Product
CanaKit Raspberry Pi 4 Extreme Kit – Aluminum Edition
Model
Raspberry Pi 4 Model B (8 GB)
PSU
Power supply with noise filter
Accessories
Premium Aluminum Case with Built-In Passive Heat Sink Cooling
Price
Price not available
CanaKit Raspberry Pi 4 4GB Basic Starter Kit with Fan (4GB RAM)
Product
CanaKit Raspberry Pi 4 Basic Starter Kit
Model
Raspberry Pi 4 Model B (4 GB)
PSU
Power supply with noise filter
Accessories
Clear case, fan, and set of heat sinks
Price
Price not available
CanaKit Raspberry Pi 4 4GB Starter PRO Kit - 4GB RAM
Product
CanaKit Raspberry Pi 4 4GB Starter PRO Kit
Model
Raspberry Pi 4 Model B (4 GB)
PSU
Power supply with noise filter
Accessories
Premium High-Gloss Case with Integrated Fan Mount, Low Noise Bearing System Fan
Price
Price not available
CanaKit Raspberry Pi 4 4GB Basic Kit with PiSwitch (4GB RAM)
Product
CanaKit Raspberry Pi 4 Basic Kit
Model
Raspberry Pi 4 Model B (8 GB)
PSU
Power supply with noise filter
Accessories
Set of 3 aluminium heat sinks
Price
Price not available

Leave the API set to the Google Calendar API. As this integration doesn’t gather any third party’s user data, the option application data is sufficient. And as the integration of Google Calendar with Home Assistant doesn’t require access to any other services, you can select no in the final question.

After you have clicked next, you will be taken to the service account details. Here you will have to give your account a name. As you can see, I went for the obvious. You will also be assigned an account identification and, if you wish to do so, you can add an account description.

You can simply click yourself through part two and three, as nothing has to be changed and both parts are optional. Once complete, click on the button labelled done one final time.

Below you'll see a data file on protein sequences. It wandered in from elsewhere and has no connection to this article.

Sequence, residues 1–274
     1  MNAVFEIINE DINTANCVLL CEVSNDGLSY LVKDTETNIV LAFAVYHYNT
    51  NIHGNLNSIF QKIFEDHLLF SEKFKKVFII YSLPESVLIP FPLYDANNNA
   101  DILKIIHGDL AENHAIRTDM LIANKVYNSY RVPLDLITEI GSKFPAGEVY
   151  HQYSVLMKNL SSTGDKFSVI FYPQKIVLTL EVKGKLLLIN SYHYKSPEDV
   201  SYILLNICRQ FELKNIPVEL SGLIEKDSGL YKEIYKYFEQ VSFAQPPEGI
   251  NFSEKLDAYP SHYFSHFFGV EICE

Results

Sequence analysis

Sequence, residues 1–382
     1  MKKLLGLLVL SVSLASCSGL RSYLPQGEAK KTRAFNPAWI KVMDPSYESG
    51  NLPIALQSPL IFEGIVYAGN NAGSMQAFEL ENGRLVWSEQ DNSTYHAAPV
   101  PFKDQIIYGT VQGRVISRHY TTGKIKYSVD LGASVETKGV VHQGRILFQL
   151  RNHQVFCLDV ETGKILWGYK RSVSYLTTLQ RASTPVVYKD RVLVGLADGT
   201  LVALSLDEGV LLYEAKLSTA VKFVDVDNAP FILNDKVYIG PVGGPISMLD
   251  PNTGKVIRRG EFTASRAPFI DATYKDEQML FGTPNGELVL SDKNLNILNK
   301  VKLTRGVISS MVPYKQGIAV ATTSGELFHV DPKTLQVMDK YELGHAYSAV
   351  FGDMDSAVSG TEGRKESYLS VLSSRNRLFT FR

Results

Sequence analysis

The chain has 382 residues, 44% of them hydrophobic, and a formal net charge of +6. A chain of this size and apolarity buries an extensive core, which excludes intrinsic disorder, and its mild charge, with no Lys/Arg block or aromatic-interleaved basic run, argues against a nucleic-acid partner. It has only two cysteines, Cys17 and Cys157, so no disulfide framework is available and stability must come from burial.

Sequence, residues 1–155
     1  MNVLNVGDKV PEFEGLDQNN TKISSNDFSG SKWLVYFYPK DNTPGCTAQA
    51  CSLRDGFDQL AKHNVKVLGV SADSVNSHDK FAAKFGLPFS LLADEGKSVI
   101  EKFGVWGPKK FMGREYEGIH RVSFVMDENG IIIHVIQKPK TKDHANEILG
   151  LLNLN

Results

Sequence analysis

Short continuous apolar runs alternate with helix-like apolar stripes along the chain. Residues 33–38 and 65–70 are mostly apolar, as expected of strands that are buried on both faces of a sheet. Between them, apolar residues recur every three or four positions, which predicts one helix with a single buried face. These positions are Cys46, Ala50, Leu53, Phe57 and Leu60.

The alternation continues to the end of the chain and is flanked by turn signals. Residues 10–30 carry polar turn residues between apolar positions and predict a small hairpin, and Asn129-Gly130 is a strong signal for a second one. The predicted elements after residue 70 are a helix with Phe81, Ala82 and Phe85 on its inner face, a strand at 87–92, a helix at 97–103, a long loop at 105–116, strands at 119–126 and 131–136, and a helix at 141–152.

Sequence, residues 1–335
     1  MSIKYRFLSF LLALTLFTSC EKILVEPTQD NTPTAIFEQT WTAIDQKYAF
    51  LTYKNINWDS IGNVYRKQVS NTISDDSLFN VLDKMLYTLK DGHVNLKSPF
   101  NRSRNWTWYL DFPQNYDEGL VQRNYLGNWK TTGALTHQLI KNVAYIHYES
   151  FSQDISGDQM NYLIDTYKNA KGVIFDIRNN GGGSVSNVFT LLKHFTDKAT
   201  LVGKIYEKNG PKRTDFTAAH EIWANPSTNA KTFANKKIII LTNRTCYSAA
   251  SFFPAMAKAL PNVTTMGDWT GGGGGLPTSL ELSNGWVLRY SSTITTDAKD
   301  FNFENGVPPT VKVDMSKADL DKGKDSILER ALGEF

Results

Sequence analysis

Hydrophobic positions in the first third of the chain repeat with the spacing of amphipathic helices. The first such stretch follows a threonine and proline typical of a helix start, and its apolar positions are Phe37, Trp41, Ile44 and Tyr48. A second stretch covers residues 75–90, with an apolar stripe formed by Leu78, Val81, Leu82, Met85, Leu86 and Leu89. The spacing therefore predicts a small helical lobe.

Generating a Client ID and Client Secret for Home Assistant

Unfortunately, the Google Calendar integration with Home Assistant isn’t complete yet. There are several further steps in the Google Cloud Console you will need to go through, before switching to Home Assistant. Once you click done in the previous step, you will be redirected to the APIs and services settings. Here you will need to configure a consent screen before moving on.

Once selected, choose the user type external and continue by clicking on the button labelled create. You are next required to enter a few details on your “app” (don’t be confused by the naming). Give the app a name, a good choice would be Home Assistant, and enter your email as the user support email. The app logo is, luckily, optional. Fill in any other required information before moving on.

As we won’t be using any scopes, you can skip the next step by clicking on save and continue. Finally, add your email as a test user. With that, the consent screen configuration is complete, and you can move on.

The Google Cloud Console displaying a message proclaiming that a consent screen has to be configured.

Creating credentials for the Google Calendar integration with Home Assistant